Ok, this complicates things quite a bit. Was Pompeo’s announcement that Muthana is not a US citizen based on solid legal assessments or was it due to political interference by the president? https://t.co/mXdl98hrra— Nahal Toosi (@nahaltoosi) February 20, 2019
“The Trump administration continues its attempts to wrongfully strip citizens of their citizenship,” Shibly told AL.com. “Hoda Muthana had a valid US passport and is a citizen. She was born in Hackensack, NJ in October 1994, months after her father stopped being a diplomat.”
Under the Immigration and Nationality Act, a person born in the U.S. to a foreign diplomatic officer is not subject to U.S. law and is not automatically considered a U.S. citizen at birth.
The United States is asking Britain, France, Germany and other European allies to take back over 800 ISIS fighters that we captured in Syria and put them on trial. The Caliphate is ready to fall. The alternative is not a good one in that we will be forced to release them........— Donald J. Trump (@realDonaldTrump) February 17, 2019
It happens again and again that, when there are many possible descriptions of a physical situation—all making equivalent predictions, yet all wildly different in premise—one will turn out to be preferable, because it extends to an underlying reality, seeming to account for more of the universe at once. And yet this new description might, in turn, have multiple formulations—and one of those alternatives may apply even more broadly. It’s as though physicists are playing a modified telephone game in which, with each whisper, the message is translated into a different language. The languages describe different scales or domains of the same reality but aren’t always related etymologically. In this modified game, the objective isn’t—or isn’t only—to seek a bedrock equation governing reality’s smallest bits. The existence of this branching, interconnected web of mathematical languages, each with its own associated picture of the world, is what needs to be understood.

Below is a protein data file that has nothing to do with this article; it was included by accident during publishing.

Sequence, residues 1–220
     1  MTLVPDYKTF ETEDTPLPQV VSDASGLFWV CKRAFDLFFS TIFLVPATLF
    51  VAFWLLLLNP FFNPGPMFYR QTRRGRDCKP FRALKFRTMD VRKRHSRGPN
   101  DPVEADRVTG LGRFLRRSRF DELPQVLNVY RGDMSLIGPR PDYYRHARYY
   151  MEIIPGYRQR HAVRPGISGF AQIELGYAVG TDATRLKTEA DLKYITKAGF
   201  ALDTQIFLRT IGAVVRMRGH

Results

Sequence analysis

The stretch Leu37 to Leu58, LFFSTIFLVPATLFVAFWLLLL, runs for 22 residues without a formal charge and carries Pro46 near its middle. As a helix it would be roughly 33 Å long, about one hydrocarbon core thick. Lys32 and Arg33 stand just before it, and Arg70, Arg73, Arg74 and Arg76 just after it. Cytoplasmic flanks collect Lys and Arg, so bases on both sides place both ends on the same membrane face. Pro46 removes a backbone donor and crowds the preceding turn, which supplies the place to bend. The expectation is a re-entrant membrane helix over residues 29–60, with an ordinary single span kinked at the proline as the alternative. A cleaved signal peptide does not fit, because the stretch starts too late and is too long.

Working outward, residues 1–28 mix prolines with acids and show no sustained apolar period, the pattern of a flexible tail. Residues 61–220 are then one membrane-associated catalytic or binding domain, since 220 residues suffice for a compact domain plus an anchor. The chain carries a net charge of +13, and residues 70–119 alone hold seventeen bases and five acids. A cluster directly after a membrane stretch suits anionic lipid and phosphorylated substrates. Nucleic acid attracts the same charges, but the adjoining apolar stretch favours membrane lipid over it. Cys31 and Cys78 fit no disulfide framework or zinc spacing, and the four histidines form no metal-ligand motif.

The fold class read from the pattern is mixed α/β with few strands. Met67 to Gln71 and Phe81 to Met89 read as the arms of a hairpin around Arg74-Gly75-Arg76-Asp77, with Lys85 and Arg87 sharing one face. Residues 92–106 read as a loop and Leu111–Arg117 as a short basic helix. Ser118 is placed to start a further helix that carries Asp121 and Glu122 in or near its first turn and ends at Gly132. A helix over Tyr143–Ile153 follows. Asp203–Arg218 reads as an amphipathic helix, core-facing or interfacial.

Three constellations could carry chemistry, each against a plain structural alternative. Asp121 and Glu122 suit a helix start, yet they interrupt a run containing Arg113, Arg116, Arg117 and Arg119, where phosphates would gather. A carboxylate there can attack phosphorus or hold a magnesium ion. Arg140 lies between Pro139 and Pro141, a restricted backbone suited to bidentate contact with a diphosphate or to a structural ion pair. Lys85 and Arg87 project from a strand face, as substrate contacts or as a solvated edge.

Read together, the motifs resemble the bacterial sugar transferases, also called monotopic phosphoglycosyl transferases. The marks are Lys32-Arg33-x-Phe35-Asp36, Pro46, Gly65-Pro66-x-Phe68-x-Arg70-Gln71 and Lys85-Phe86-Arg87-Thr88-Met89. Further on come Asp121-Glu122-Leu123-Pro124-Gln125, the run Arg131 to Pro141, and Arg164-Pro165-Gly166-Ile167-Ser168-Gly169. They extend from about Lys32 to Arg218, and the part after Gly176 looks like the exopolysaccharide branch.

Now, is that because Wittgenstein helps us understand reality as it is? Or is that because we understand reality as it is through the ideas, now, of Wittgenstein? Did he, in other words, discover something true about reality? Or do we interpret reality because of the influence of his ideas on our discourse? And even if one answer "extends to a deeper or more general description of reality," does that mean that answer is right? When I studied the New Testament under a member of the Jesus Seminar (ask your grandpa, punk!), he taught us the probabilities (not mathematical!) of statements in the Gospels being the authentic words of Jesus of Nazareth, and how the Seminar decided which words were invented, which were distorted, and which were closest to the original speaker. And it was all, of course, a matter of interpretation and argument. Where is the hard reality? Somewhere in between, just as the nature of God and God's revelation is known, not in the words of Scripture, but in the interpretations of Scripture, and the interpretations of those interpretations, and the interpretations of the interpretations of the interpretations. It's turtles all the way down!, although in this case the description applies to the Midrash of the Hebrew Scriptures, not to the failure of "religion" to be a "hard science."